Hans Blix Says Iran Has 'Legal Right' To Enrich Uranium
by Richard S. Ehrlich
BANGKOK, Thailand -- Iran has ''a legal right''
to enrich uranium for peaceful purposes, but
an attack by the U.S. or Israel would probably
push the Iranians to build a nuclear bomb,
former top U.N. weapons inspector Dr. Hans
"When the U.S. says that it is unacceptable for
Iran to have enrichment capacity, well I don't
think that quite squares with the
Non-Proliferation Treaty that permits it," Dr.
Blix said in an interview.
Iran "may have enriched some very small
quantities, but I can't be sure about that. They
have very few centrifuges mounted," he said.
"They know that they are in a tense region of
the world, and that tensions will go higher if
they continue to mount and build these
centrifuges, and if indeed they produce the
highly enriched uranium. But I wouldn't say
that is prohibited. They are within a legal
right to do so. And they assert it is for
Iran secretly imported centrifuges and were
constructing a heavy-water research
reactor to build up their capability to enrich
uranium, he said.
"I can understand those who are suspicious
because they did hide what they did. They
didn't abide or respect their safeguard
agreements that they have with the IAEA
(International Atomic Energy Agency)," he
"I don't know how many centrifuges they
have, but to have a real capability -- not only
technological but a practical, industrial one
-- they would need thousands of centrifuges.
They have not come to that stage at all. But
they could produce them," Dr. Blix said.
An attack by America or Israel would
probably aim at "destroying any nascent
enrichment capability, perhaps also
hexofloride production capability," the
former Swedish diplomat said.
"If the Iranians are suspecting a strike --
whether to punish or pre-empt -- surely they
would have tried to find someplace where
they can hide [their uranium enrichment
capability], where they can make more," he
"If anything would make them more
determined to go ahead with a nuclear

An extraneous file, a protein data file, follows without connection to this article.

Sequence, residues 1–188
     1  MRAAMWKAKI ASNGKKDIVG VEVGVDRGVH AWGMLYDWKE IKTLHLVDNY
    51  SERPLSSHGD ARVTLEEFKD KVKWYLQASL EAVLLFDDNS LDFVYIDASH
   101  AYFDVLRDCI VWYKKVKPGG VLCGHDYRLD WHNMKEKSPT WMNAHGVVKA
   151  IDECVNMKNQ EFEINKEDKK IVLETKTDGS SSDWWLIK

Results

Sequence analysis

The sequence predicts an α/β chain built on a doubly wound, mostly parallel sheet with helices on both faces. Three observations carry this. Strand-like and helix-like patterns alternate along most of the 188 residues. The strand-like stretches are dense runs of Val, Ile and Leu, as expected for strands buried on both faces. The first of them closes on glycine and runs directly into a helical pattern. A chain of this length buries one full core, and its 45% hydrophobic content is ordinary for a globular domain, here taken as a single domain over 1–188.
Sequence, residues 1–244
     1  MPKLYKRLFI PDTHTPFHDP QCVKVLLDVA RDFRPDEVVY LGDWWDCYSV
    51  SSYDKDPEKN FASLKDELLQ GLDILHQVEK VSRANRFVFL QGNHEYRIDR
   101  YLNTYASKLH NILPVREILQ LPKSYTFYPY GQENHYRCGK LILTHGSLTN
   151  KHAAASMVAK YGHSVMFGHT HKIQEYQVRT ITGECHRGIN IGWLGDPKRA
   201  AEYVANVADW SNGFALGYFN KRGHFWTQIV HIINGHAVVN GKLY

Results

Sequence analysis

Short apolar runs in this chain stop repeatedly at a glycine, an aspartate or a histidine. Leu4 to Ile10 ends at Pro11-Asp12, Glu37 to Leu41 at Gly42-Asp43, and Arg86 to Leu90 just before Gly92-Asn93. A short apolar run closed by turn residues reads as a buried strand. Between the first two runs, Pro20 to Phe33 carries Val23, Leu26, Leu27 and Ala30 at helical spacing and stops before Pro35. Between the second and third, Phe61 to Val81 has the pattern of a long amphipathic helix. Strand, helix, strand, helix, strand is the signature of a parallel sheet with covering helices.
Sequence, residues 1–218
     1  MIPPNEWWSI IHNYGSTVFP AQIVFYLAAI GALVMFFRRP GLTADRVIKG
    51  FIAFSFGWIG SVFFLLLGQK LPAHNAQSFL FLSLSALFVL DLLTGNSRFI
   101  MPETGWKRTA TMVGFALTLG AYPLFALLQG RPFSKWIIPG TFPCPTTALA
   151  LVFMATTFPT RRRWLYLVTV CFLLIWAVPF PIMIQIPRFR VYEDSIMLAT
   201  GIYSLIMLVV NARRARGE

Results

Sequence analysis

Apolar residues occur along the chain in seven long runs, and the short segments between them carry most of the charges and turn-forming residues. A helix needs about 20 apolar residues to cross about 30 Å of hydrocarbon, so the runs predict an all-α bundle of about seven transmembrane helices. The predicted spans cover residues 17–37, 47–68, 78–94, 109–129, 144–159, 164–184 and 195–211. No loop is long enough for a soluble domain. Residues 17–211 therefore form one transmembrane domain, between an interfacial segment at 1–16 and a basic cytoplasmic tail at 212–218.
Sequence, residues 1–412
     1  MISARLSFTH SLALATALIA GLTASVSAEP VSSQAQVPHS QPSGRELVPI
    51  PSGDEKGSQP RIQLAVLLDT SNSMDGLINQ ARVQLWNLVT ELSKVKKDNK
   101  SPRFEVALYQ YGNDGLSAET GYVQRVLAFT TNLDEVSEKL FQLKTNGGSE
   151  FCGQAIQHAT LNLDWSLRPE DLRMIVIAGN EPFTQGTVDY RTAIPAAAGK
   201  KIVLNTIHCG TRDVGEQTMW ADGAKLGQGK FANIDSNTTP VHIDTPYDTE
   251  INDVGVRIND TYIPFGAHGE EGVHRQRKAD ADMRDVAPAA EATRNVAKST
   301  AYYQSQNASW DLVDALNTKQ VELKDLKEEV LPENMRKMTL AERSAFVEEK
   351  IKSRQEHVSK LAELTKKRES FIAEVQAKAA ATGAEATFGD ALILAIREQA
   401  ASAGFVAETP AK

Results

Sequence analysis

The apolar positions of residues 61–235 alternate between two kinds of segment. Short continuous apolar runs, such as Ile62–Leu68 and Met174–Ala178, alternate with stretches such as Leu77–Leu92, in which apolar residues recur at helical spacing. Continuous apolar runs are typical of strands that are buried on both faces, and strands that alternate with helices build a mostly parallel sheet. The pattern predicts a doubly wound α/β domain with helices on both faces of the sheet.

weapons program, I suppose it would be an
attack," Dr. Blix said.
Iran signed the nuclear Non-Proliferation
Treaty which allows mining and enrichment
of uranium, and development of nuclear
technology for peaceful purposes, such as
energy or medical research, under IAEA
"They have the capability to produce
hexofloride, which is the feed material that
you put into the centrifuges and obtain
enriched uranium," said Dr. Blix, currently
chairman of an international weapons of
mass destruction commission, financed by the
"They do need enriched uranium for their two
light-water reactors, which they built in
Bushehr along the Persian Gulf, but that
enrichment need not go any further than
around five percent.
"However, if you can enrich to five percent,
you can also enrich to 85 percent, that's a
weapons grade. It is permitted, entirely
permitted, under the Non-Proliferation
Treaty to enrich uranium, but it is not
permitted to do it in order to make nuclear
weapons," he said.
For example, Japan, Brazil and South Africa
signed the Non-Proliferation Treaty, enriched
uranium for peaceful purposes, and "there
are no objections raised to them," Dr. Blix
"So I don't think one should tell the Iranians
that 'You cannot do this for the same purpose
as these three'."
Dr. Blix was interviewed on Sunday (Feb. 6),
hours after arriving in Bangkok where he will
address various forums about peace and
disarmament, on a trip sponsored by the
International Peace Foundation.
"Today, Iran remains the world's primary
state sponsor of terror, pursuing nuclear
weapons while depriving its people of the
freedom they seek and deserve," U.S.
President George W. Bush said in his State of
the Union speech on Feb. 2.
"We are working with European allies to
make clear to the Iranian regime that it must
give up its uranium enrichment program, and
any plutonium reprocessing, and end its
support for terror," Mr. Bush said.
Israeli Deputy Prime Minister Shimon Peres,
who is "widely regarded as the father of
Israel's secretive nuclear deterrent,
dampened suggestions that Israel was
planning pre-emptive strikes against Iran,"
the British Broadcasting Corporation (BBC)
reported on Jan. 24.
"The party that will decide is the United
States," Mr. Peres told Israel's Army Radio.
"If we go it alone, we will remain alone.
Everyone knows our potential, but we also
have to know our limits," Mr. Peres said,
according to the BBC's monitoring of Israel's
American reporter Seymour Hersh, in the
New Yorker magazine, reported in January
that U.S. special forces conducted secret
reconnaissance missions inside Iran to
identify and target nuclear and other
Copyright by Richard S. Ehrlich
email: animists *at* yahoo dot com
Richard S. Ehrlich, a freelance journalist who has reported news from Asia for the past 26 years, is co-author of the non-fiction book, "HELLO MY BIG BIG HONEY!" -- Love Letters to Bangkok Bar Girls and Their Revealing Interviews.
His web page is